For years I have proudly proclaimed the strategy of sitting underneath the table of feasting giants and eating the scraps and crumbs that fall from the table. A bootstrapper’s dream is to get into that little market segment that isn’t being addressed by several large players, exactly.

In Bootstrap Business I go so far as to outline a landscape matrix that actually shows how to very deliberately get between several large companies and make sure you don’t infringe on their territory, while still eking out that little crack of opportunity.

I have deployed this countless times. There is; however, one danger. When the market starts to mature, sometimes the giants reaches down and pick up the scrap, and in the process–squish you like an ant.

Indeed, this happened to my team this week. Google released a new algorithm update and indeed it dramatically changed our channel. Simultaneously, another giant that we work with got up from the table. When the two big fat giant bellies hit each other we got squished in between. Needless to say, it’s very painful when that occurs, and it can actually be life threatening to the business.

In this situation, I believe we will recover, but it’s caused me to outline three distinct things that you need to do when deploying this type of opportunistic strategy.

1. Understand the giants eating patterns. How long do they eat? When is it time for them to move? In the case of Google, they release algorithm updates every so often. So, when you see the signs of movement you better get out from underneath their feet as they get up from the table.

2. Give yourself cushion either to the left or to the right. This means, have the ability to either push to your supply side or push to the customer side. If you get squished right between two giants with no place to move, you end up getting your margin squeezed, squeezed, squeezed.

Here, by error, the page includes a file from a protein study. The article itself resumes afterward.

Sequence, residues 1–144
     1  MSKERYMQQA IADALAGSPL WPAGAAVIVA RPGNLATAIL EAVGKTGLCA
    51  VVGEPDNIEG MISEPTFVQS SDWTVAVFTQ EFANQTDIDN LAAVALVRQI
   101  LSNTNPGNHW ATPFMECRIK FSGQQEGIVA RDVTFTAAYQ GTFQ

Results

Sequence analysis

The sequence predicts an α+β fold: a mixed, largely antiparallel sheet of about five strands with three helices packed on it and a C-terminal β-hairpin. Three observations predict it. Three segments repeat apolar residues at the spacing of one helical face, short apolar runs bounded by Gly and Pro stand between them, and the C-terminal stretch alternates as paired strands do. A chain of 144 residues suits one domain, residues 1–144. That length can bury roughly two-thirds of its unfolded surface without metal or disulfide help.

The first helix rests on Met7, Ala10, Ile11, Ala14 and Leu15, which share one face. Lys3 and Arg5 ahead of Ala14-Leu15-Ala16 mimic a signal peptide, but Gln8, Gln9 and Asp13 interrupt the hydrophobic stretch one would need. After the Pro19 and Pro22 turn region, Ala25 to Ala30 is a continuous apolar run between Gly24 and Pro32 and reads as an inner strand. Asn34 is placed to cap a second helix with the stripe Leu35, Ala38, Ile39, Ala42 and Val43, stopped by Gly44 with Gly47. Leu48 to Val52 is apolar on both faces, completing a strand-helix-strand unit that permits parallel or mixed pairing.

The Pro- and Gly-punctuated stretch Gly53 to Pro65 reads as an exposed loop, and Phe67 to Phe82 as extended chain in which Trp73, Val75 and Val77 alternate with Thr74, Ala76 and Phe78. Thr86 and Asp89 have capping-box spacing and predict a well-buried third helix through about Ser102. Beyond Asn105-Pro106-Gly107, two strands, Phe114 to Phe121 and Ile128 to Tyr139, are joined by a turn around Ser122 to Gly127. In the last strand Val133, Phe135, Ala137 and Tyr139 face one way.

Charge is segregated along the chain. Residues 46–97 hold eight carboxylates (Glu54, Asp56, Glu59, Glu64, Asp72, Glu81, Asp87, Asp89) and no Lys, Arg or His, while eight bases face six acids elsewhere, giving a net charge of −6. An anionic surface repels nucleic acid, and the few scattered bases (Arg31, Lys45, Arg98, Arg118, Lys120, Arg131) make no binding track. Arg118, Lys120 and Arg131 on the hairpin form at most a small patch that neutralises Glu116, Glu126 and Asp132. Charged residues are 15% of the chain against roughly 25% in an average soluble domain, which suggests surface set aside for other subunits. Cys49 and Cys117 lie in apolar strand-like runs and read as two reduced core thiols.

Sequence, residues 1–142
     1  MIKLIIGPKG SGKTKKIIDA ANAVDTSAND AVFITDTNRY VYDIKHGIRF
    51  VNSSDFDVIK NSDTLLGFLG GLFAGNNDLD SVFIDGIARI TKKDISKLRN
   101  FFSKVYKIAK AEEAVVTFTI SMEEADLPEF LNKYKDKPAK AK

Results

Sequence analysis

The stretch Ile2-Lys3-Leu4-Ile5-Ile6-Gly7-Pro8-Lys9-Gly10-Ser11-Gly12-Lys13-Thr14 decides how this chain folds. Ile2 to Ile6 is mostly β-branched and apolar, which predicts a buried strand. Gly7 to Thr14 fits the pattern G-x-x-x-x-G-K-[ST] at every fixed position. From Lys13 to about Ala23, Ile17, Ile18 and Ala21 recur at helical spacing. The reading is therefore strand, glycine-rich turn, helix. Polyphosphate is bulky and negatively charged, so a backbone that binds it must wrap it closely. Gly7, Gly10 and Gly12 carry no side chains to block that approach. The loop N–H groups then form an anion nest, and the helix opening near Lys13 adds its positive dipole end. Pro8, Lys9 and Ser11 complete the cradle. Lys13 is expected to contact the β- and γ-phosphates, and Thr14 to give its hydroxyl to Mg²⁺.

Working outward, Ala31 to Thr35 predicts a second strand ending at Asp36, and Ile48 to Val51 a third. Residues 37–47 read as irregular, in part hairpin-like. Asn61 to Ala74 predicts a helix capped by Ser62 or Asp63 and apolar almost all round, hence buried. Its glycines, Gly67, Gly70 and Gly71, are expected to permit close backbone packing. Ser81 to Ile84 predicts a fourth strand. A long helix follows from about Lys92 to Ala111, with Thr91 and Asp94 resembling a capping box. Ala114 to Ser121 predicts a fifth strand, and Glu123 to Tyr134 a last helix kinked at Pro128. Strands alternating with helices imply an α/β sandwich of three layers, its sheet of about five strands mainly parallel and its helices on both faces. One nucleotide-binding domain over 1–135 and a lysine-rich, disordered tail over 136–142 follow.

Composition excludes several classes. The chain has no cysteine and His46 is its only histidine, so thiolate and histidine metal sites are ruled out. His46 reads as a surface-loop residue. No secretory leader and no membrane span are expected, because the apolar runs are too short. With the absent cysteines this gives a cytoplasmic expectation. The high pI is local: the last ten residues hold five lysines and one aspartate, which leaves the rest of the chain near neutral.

Transactional businesses are wonderful, because they provide a repetitive income flow, but if you are not careful you can end up getting squeezed right to death. Either own the customer and control it, or make sure that you can control the supply cycle. I have discussed this principle many times and I have always stated:
–    Never maintain only one supplier.
–    Never rely on only one customer.

Well now I need to kick myself in the pants, because in the businesses currently getting squished, we basically have one supplier and one customer. That is always a precarious situation to be in.

3. Move from the table as quickly as you can. Once you get profitable, make sure you can then quickly move and transition to a place or a pocket where the giants aren’t quite as likely to rumble over the top of you. Once you’ve filled your belly, look for the exit door as quickly as you can.

I still contend that finding a really hot sector that is on a wave, where there are giants pounding the table, and where money and scraps are falling onto the floor–is a great strategy. Just beware there is a downside. I’m personally committed to using these opportunistic businesses to leverage and become viable quickly. Then I rapidly move in to more value transactional, longer-term engagement types of businesses. I encourage you to try it too.

The moral of the story is…keep your head up and your eyes open when you are sitting next to giants.